(1) The obvious one (I think): I look younger than I actually am (Yay!). Maybe I should post my picture on this blog, and then you can decide if this is true.

(2) People in this part of the country (the upper midwest) don't meet many Asians, and so they have difficulty telling how old an Asian is when they see one. 

(3) The way I dress: I dress appropriately, but I don't walk around in a suit and tie, or anything that makes me look "professional". But this can't be it: Most professors here don't wear suits or ties on most days either, and they don't get mistaken as students (at least not to my knowledge).

(4) I don't look "distinguished" enough: There's probably not very much I can do about this, if this is the reason. I sometimes think that I might look more "distinguished" if I grow a big beard and a big belly (but then my practice will go to shit... no more binding in Mari D or Pasasana. So no, I won't go there...).\

(5) I have a small build: Again, there's not very much I can do in this department. Maybe investing in a pair of elevator shoes might help, but probably not by much.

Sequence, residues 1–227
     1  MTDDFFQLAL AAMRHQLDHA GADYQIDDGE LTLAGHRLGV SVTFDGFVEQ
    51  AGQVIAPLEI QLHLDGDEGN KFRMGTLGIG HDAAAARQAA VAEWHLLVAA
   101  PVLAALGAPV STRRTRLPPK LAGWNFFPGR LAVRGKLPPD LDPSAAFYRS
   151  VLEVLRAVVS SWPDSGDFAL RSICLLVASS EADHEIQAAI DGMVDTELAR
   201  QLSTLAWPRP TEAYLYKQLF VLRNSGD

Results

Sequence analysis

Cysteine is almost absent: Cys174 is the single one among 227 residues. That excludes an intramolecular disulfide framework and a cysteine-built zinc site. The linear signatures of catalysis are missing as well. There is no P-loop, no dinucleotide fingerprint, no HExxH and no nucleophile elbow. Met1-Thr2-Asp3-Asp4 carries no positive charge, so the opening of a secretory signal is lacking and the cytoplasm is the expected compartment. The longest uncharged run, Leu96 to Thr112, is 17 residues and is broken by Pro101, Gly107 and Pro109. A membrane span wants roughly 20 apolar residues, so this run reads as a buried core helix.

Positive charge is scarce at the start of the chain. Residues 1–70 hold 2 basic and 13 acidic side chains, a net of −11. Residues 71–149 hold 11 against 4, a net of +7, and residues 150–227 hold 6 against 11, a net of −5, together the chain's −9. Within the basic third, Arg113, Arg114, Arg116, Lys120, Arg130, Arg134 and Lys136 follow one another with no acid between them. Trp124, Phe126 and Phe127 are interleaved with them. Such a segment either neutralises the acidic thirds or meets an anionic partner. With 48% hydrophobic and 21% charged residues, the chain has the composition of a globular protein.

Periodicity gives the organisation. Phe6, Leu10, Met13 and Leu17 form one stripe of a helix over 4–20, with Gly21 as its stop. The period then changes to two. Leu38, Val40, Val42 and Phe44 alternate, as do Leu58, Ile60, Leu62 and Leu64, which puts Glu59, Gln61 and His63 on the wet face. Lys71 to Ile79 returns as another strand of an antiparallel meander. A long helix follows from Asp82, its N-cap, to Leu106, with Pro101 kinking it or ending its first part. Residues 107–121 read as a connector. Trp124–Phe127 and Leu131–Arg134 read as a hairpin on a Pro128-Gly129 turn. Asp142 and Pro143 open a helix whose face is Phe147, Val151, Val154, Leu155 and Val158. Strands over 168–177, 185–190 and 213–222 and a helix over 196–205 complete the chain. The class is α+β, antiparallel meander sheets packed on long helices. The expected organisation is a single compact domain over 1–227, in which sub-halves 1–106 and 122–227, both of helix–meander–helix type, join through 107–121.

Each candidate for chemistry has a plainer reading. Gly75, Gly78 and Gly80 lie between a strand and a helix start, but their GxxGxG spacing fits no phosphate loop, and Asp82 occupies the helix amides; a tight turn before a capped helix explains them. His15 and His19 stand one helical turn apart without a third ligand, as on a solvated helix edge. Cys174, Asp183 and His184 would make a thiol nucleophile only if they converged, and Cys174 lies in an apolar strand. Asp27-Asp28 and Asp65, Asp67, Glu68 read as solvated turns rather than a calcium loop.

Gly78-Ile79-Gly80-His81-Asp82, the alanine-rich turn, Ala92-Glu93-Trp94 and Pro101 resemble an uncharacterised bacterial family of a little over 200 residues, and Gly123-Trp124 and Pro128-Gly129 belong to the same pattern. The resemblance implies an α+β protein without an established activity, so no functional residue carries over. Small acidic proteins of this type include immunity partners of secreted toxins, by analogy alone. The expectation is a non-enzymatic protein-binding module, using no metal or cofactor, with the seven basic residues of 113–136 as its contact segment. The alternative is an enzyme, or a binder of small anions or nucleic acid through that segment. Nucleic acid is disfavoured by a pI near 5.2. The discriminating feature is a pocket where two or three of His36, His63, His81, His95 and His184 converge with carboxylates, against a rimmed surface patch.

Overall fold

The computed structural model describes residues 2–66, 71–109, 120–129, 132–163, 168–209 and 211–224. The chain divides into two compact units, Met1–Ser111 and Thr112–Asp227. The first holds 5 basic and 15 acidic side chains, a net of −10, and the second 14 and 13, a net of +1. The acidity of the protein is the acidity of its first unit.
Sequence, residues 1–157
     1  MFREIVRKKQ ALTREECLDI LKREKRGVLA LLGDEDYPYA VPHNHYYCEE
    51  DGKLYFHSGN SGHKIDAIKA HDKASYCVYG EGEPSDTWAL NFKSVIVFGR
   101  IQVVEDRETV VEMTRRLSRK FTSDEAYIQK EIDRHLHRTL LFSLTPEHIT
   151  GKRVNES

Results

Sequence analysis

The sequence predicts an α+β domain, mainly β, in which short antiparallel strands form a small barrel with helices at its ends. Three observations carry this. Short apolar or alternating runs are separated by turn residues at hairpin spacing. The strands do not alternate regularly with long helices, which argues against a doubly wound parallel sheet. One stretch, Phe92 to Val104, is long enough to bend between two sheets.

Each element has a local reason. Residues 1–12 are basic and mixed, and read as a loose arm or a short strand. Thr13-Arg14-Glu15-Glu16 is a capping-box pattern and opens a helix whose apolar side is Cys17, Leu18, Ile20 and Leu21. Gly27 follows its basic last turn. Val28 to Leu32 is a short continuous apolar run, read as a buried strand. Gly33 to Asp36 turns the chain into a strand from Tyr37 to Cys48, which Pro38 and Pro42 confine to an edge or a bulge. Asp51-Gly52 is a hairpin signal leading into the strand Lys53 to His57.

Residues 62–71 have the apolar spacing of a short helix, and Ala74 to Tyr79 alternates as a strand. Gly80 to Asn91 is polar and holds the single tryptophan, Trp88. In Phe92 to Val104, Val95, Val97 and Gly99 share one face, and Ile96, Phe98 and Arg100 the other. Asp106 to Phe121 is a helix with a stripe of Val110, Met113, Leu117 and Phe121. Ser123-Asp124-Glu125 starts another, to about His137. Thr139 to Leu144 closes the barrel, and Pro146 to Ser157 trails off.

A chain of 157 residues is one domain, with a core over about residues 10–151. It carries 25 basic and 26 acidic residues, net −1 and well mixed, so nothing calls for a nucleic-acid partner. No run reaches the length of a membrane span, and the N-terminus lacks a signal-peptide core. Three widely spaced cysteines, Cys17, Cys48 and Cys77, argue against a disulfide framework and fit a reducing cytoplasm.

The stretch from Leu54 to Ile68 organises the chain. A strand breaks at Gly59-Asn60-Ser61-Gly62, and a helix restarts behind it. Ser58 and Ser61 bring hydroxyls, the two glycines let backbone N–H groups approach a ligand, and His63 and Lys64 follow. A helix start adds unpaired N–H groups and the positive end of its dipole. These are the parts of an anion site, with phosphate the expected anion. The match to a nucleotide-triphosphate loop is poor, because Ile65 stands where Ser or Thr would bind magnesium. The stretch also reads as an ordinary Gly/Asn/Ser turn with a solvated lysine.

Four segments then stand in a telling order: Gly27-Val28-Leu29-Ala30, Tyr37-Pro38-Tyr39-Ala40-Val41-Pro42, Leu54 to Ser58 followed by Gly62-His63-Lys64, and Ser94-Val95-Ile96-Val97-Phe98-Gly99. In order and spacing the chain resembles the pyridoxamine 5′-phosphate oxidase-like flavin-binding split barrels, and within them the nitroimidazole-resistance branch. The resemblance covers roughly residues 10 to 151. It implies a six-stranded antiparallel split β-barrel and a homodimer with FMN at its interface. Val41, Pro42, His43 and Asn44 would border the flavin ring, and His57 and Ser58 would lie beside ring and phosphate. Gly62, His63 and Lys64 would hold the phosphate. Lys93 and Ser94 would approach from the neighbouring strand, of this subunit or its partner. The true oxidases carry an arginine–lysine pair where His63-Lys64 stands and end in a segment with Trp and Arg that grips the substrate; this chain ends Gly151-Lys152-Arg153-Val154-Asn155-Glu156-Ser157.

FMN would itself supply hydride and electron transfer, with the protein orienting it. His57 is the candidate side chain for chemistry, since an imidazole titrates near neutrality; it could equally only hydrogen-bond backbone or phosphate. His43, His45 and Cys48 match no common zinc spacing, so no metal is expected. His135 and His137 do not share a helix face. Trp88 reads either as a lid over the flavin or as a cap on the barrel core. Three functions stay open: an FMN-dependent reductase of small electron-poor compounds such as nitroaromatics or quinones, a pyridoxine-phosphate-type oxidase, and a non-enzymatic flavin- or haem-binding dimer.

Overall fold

Well, enough musings for now. Got to get ready for class (at least my students don't mistake me for a student :-))    

Monday, January 17, 2011

Why are there more people outside of India now practicing Yoga than inside of India? David Williams' thoughts on this

This post is inspired by Claudia's January 16th post, "How come there are no Indians in the Mysore Shala?"

I have my own theories as to the answer to this question, but I'll keep them to myself, since I don't feel I'm in a position to say anything really illuminating about this (This is rare; it is not often that I keep my views to myself...). Rather, I'll share David Williams' thoughts on this. In a 2002 interview with Guy Donahaye, Williams remarked that, "I believe more people outside of India now are practicing Yoga than inside of India." 

When Donahaye went on to ask him why this is so, Williams replied,